Abraham - Mulatto Slave
Abraham - Mulatto Slave

Written by Jay Guy Cisco
From Historic Sumner County, Tennessee

Retyped with some revisions for the Sumner Co. TNGenWeb page by Diane Payne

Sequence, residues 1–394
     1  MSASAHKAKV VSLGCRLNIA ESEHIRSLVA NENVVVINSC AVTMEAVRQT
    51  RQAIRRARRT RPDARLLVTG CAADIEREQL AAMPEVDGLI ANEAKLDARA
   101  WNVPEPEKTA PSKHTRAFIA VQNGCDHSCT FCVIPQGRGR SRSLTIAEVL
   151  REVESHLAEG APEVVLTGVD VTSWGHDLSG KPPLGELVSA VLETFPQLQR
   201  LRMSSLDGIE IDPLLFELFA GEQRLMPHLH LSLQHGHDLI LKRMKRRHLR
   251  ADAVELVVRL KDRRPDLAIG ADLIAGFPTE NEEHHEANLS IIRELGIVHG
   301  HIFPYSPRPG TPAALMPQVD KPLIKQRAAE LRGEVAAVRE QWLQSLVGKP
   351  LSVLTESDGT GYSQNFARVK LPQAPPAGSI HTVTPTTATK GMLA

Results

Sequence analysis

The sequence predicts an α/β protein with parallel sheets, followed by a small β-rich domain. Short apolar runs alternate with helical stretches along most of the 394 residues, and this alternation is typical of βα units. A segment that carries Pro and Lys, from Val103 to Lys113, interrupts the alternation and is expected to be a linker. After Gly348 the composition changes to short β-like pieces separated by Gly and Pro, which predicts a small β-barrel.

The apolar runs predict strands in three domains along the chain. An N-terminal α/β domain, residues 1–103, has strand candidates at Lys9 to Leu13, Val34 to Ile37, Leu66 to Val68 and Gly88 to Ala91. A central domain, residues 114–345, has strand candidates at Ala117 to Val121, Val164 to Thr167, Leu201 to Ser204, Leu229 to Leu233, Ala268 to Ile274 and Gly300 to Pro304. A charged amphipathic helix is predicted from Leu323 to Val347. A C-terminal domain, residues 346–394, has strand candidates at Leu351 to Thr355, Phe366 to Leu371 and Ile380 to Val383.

Another name that deserves to be remembered is that of Abraham, a mulatto belonging to Colonel Anthony Bledsoe. General Hall said of him: "He was a brave, active and intelligent fellow, and indeed a good soldier and marksman." He seems to have been a general favorite with the whites. He was ever ready and anxious for a brush with the Indians, and more than one of them met death before him unerring rifle. What became of him I am unable to say. Doubtless his remains were mingled with the soil he so bravely helped to defend, and from which he helped to clear the primitive forest. General Hall gives, in his "Narrative," the following example of the bravery of Abraham: "He was passing one evening from the Lick fort up to Greenfield, when right in the thick canebrake he met two Cherokee chiefs of note, "Mad Dog" and "John Taylor" the latter a half-breed, well known in Nashville before the war broke out, and who could talk good English. They had been on a visit to the Shawnees; and having sent on their warriors, they were on their way by themselves to steal horses and murder any settler who might fall in their way. Abraham met them about ten paces off, and instantly drawing up his gun, he shot Mad Dog dead in his tracks, turning himself at once and feeling after his exploit.

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